Under 30 CFR 732.17(h)(11)(i), we requested comments on the amendment from various Federal agencies with an actual or potential interest in the Texas program (Administrative Record No. TX-649.03). By letter dated June 3, 1999 (Administrative Record No. TX-469.04), the USDA-NRCS State Conservationist in Temple, Texas, asked us to note that the amendment contained two letters from his office concurring on specific sections of the documents. He stated

    [[Page 43923]]

    that the USDA-NRCS was an active participant in the development of the documents, and he noted that the USDA-NRCS has worked with both the Texas Railroad Commission and individual mining companies in the State on reconstruction and reclamation of surface mined land. As indicated by the USDA-NRCS, the amendment contains letters dated April 13, 1999, and May 4, 1999, in which the USDA-NRCS concurs with Section V.B.4 of Texas' revegetation success guideline document and Section V of Texas' normal husbandry practices guideline document, respectively. As discussed in Finding A.5.b.(2), the USDA-NRCS concurred with Texas' guidelines for evaluation of productivity for restored prime farmland soils, and as discussed in Findings B.5. and B.5.b, the USDA-NRCS concurred with Texas' guidelines for repair of damaged reclaimed areas and removal of structures.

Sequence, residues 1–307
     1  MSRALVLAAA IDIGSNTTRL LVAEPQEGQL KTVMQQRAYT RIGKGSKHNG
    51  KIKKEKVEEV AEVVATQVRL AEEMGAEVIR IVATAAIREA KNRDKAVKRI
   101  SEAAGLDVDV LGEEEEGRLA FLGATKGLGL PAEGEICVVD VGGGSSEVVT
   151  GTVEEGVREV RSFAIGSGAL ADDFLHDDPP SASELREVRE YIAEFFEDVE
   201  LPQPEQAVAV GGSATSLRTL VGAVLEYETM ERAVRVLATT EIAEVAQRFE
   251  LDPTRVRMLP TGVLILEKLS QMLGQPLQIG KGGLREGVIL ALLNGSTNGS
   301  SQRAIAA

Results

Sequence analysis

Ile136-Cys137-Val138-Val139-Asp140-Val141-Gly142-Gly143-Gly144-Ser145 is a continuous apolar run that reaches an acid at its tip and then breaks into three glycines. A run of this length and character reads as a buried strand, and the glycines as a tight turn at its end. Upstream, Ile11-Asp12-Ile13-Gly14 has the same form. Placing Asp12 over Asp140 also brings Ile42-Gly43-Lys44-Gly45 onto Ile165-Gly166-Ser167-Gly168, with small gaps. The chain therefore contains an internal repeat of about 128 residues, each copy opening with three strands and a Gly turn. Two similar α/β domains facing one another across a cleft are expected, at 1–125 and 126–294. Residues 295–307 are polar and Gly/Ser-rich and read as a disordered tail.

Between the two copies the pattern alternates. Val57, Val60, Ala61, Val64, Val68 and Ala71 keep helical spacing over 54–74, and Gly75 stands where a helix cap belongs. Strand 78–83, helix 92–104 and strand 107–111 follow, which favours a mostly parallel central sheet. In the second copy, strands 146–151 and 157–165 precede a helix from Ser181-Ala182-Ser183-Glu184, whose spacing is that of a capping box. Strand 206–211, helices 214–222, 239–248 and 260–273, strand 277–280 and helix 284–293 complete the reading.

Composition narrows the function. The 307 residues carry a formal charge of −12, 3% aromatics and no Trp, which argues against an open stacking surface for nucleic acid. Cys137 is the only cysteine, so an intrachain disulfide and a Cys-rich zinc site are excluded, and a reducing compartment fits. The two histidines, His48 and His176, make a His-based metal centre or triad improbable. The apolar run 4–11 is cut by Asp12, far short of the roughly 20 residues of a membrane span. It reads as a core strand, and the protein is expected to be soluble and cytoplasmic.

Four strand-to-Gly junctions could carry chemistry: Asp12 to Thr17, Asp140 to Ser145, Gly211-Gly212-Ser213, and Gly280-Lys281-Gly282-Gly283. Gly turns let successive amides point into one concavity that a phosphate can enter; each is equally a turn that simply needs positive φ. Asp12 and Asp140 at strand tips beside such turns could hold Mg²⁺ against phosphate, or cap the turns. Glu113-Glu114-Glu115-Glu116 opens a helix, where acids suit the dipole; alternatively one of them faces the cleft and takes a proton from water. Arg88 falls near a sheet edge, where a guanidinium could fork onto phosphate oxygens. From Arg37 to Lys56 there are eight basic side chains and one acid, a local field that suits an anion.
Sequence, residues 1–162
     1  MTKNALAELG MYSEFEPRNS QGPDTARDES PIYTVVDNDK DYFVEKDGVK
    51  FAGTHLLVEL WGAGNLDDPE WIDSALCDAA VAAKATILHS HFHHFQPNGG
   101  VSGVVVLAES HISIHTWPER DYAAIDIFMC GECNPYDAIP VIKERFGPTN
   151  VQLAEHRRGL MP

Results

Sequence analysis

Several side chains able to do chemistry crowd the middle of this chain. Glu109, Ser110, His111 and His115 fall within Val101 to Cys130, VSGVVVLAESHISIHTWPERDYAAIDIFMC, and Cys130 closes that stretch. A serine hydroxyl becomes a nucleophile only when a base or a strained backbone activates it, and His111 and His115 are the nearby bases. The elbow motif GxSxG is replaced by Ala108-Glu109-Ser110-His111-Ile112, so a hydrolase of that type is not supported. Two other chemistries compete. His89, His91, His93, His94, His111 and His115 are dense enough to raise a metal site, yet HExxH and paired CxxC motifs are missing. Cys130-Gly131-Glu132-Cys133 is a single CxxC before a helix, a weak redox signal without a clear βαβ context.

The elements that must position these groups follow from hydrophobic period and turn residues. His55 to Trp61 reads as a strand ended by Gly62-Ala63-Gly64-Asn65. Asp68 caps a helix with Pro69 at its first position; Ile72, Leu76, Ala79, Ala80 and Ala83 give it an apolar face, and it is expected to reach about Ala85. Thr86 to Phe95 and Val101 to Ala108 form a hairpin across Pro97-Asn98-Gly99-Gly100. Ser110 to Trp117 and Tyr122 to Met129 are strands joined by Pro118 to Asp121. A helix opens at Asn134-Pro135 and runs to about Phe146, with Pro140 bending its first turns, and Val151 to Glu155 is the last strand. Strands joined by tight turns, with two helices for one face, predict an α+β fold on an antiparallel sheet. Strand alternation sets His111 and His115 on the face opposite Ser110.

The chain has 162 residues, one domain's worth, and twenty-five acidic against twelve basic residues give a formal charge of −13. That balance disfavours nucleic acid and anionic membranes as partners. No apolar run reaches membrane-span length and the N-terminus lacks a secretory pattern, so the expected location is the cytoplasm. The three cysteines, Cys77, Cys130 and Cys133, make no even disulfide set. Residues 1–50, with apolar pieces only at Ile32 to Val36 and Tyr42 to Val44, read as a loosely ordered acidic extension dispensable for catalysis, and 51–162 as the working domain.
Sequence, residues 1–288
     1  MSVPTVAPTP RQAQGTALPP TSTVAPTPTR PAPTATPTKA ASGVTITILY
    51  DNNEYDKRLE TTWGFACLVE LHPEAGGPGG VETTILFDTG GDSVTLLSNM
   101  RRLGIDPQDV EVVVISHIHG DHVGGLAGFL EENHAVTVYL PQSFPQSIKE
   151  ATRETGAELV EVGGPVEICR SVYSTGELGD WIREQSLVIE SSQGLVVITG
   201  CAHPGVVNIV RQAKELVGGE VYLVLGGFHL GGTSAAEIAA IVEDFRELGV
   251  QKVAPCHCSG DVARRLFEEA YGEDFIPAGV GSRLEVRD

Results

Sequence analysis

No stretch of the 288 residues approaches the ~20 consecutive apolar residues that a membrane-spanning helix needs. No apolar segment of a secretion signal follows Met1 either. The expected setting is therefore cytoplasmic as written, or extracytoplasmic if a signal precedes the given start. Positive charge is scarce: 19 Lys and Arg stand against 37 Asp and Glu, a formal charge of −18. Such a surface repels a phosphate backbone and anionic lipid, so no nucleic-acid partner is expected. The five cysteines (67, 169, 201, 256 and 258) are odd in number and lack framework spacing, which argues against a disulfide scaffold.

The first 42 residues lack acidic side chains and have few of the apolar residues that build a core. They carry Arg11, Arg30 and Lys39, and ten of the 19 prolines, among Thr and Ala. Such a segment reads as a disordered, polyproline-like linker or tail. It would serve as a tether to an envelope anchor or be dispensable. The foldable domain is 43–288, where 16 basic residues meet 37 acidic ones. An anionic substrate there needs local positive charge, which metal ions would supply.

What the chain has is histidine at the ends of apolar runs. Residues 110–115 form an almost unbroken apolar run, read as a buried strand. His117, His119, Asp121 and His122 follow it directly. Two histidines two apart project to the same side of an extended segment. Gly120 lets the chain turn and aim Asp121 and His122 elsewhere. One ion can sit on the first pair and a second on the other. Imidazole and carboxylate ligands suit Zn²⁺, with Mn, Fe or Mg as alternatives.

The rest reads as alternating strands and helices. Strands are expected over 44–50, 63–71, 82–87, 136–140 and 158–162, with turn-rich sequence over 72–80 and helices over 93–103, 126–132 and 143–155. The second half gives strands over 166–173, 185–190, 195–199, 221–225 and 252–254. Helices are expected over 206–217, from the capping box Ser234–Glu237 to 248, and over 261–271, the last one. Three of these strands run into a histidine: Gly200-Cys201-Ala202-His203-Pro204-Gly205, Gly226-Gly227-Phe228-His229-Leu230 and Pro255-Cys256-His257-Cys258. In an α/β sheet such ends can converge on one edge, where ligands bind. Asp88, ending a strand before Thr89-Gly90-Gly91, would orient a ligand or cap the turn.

By letter dated June 18, 1999, the U.S. Army Corps of Engineers (Corps) commented on Texas' amendment (Administrative Record No. TX- 649.08). The Corps recommended that the proposed amendment specify all measures in the International System of Units (SI), in lieu of the inch-pound (IP) system. The Federal regulations at 30 CFR 816.116 and 817.116 do not require States to use the International System of Units in their guidelines for determining revegetation success or normal husbandry practices. Also, the standards and specifications for revegetation developed by the USDA-NRCS, the Texas Agricultural Extension Services, major universities, and other recognized sources use the inch-pound system. However, we will give a copy of the comments to Texas for its consideration when developing future amendments.

    Environmental Protection Agency (EPA)

    Under 30 CFR 732.17(h)(11)(ii), we are required to get a written agreement from the EPA for those provisions of the program amendment that relate to air or water quality standards promulgated under the authority of the Clean Water Act (33 U.S.C. 1251 et seq.) or the Clean Air Act (42 U.S.C. 7401 et seq.). None of the provisions in this amendment pertain to air or water quality standards. Therefore, we did not ask the EPA to agree on the amendment.

    Under 30 CFR 732.17(h)(11)(i), we requested comments on the amendment from the EPA (Administrative Record No. TX-649.01). The EPA did not respond to our request.

    State Historical Preservation Officer (SHPO) and the Advisory Council on Historic Preservation (ACHP)

    Under 30 CFR 732.17(h)(4), we are required to request comments from the SHPO and ACHP on amendments that may have an effect on historic properties. On May 21, 1999, we requested comments on Texas' amendment (Administrative Record No. TX-649.02), but neither responded to our request.

  6. Director's Decision

    Based on the above findings, we approve the amendment as sent to us by Texas on May 13, 1999, and as revised on June 30, 1999.